playing a part in acts of abuse is very common. Sikhs, who aren’t even Muslim,
      have been targeted for acts of violence based on ignorant stupid stereotypes and
      I’d be surprised if anyone need to even be presented with evidence of what
      African Americans go through on a daily basis. Refer to the recent incident in
      Ferguson, MO if you do need an example though.

      Sister is expressing regret that her son, who is “brown” skinned and might have a
      beard, will unfortunately be subjected to stereotypes and abuse for a crime
      that he didn’t commit nor will ever support. Based on ignorance, assumptions
      of collective guilt and ridiculous stereotypes.The question is not only if WE
      see ourselves as citizens and part of the western societies in which we live, but
      ALSO if others see us that way as individuals. Sorry man, but many don’t. Her
      point is valid and stands.

      • Avatar

        John Howard

        September 12, 2014 at 10:25 PM

        Thank you for your comments. As I expected I have received a lot of negatives but you are looking from a muslim perspective as i look at it from a non muslim one. Whether you like it or not you as a majority have to understand that there is a very strong feeling or perception of mistrust towards the followers of your religion. Every day we see on our news media showing the excesses of islam in Syria Nigeria Libya etc. Now you can claim that this is all one perspective that is anti islam but the facts are these excesses are not anti bias but reality.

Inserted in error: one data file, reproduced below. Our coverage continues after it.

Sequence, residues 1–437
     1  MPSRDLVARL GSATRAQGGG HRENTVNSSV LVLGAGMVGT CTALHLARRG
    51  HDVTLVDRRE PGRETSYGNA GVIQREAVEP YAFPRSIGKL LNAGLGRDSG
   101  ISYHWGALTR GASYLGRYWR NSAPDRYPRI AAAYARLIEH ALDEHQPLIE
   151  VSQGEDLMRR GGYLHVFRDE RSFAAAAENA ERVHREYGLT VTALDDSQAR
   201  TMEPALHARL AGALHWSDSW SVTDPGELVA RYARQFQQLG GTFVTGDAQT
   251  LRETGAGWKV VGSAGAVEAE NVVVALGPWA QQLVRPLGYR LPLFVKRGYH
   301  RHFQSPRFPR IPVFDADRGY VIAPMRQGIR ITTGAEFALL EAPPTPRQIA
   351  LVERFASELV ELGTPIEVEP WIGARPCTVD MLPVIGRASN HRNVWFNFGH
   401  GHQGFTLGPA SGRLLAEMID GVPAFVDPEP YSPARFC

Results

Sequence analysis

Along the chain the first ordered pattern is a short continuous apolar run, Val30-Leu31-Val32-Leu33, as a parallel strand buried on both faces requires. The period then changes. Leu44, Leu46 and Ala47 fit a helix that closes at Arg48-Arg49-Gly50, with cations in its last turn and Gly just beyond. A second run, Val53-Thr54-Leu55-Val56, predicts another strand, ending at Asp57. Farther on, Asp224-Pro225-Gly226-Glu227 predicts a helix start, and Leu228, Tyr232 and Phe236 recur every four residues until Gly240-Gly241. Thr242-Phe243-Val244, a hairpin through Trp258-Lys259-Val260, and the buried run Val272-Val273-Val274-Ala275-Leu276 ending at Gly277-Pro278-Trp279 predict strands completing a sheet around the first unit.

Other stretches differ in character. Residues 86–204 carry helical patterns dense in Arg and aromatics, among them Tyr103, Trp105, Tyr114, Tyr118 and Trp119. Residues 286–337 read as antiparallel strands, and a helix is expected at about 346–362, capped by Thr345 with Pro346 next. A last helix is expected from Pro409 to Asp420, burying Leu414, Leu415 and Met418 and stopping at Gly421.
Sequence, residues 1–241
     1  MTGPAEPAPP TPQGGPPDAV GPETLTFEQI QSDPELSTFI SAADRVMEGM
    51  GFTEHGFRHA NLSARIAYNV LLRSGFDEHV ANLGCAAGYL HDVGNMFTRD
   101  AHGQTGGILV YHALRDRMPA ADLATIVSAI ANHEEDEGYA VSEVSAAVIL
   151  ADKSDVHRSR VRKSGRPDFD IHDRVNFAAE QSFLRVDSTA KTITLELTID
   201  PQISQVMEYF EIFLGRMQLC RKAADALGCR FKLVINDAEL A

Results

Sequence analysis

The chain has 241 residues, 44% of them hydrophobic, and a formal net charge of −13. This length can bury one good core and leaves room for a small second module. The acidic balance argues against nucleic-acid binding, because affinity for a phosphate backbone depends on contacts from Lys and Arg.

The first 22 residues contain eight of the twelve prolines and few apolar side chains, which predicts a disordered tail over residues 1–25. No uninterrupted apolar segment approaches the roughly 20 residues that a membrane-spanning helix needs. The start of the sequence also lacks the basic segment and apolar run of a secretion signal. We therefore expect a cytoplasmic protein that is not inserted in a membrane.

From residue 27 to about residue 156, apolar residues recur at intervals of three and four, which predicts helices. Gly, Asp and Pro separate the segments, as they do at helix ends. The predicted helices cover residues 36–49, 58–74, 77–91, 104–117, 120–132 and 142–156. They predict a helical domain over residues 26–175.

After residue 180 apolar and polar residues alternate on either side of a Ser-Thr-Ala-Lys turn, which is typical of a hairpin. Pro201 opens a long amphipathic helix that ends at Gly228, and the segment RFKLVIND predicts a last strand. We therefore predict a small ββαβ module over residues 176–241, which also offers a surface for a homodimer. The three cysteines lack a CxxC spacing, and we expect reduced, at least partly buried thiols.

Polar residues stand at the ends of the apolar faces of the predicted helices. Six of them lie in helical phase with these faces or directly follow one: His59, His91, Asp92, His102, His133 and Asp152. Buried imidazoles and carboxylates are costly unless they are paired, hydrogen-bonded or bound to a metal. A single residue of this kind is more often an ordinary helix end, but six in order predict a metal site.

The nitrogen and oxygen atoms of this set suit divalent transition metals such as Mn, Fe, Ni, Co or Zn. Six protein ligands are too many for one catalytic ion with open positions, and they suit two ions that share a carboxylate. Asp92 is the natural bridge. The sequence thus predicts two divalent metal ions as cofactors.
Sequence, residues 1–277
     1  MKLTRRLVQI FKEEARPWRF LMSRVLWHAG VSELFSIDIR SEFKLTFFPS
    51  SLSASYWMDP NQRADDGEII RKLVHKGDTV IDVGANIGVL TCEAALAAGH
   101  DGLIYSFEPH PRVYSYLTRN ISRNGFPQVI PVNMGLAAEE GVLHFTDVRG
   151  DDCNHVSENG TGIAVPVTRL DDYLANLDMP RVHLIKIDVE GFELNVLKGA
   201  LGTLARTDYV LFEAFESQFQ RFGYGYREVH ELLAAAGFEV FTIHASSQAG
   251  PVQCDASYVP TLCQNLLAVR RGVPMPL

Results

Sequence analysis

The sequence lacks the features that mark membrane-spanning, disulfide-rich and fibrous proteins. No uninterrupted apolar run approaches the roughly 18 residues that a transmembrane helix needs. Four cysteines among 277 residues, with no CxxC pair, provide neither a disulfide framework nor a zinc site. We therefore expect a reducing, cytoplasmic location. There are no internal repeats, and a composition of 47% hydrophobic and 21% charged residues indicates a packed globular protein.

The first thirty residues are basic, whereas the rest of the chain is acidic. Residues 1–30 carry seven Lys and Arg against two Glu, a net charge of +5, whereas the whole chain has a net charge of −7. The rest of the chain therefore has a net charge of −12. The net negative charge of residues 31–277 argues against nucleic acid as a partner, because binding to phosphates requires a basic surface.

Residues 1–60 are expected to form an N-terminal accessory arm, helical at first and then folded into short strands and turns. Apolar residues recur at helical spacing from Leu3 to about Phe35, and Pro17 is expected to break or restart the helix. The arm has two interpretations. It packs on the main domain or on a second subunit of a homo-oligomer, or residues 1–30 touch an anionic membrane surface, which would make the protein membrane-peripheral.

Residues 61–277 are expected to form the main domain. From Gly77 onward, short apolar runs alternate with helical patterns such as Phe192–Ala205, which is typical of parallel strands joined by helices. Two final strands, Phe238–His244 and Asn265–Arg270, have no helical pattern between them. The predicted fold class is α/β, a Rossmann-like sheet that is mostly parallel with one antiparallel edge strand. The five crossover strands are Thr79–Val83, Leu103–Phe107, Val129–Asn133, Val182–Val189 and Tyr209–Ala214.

The over riding fear in non muslims is you do not believe as a true muslim in democracy it is not part of your core belief in your faith. You do not as a true muslim believe in the separation of powers between faith and state.
        The state is not perfect but is the glue that allows all people of all colours faiths and beliefs to live together in a more or less harmonious manner. A religious state by its very concept cannot do that because regardless of what faith is in power it will always discriminate against minorities. It will demand that the overiding laws are based on the one criteria – theirs. We in the west have spent centuries in blood and gold to get to the level that we have today. You would have to agree that living in the west is a far better prospect for everyone than that in muslim countries why else have tens of millions of millions of you have fled here?
        The basic tenet that we ask for ALL migrants and citizens is a respect for that acceptance of the the core values that we espouse. We want no we demand that equality must be in all aspects from religion to colour and colour is the easiest one to understand because it is the easiest to see and discriminate against. Western countries have bent over backwards in the last 40 years or so to rise above this discrimination. We have enacted laws to make this a crime and more so a hate crime. We try to teach our children and ourselves to see past the colour of a person’s skin and see the person. I really don’t believe that this woman has arrived at this . There is still the underlying belief that you are the victims and frankly it has become not only tiring but really irritating in the extreme. After 9/11 in New York and 7/7 in London there were racial acts against muslims but taken in the context of what happened it was very very mild. Compare the number of killings of mulsims in the US and the UK for these outrages to the deaths and riots in the middle east over the burning of the quran. The fact is the west has acted with amazing restraint towards its muslim citizens. yes you have have been spied on and your privacy invaded but let us be fair the acts by members of your faith were hardly mild.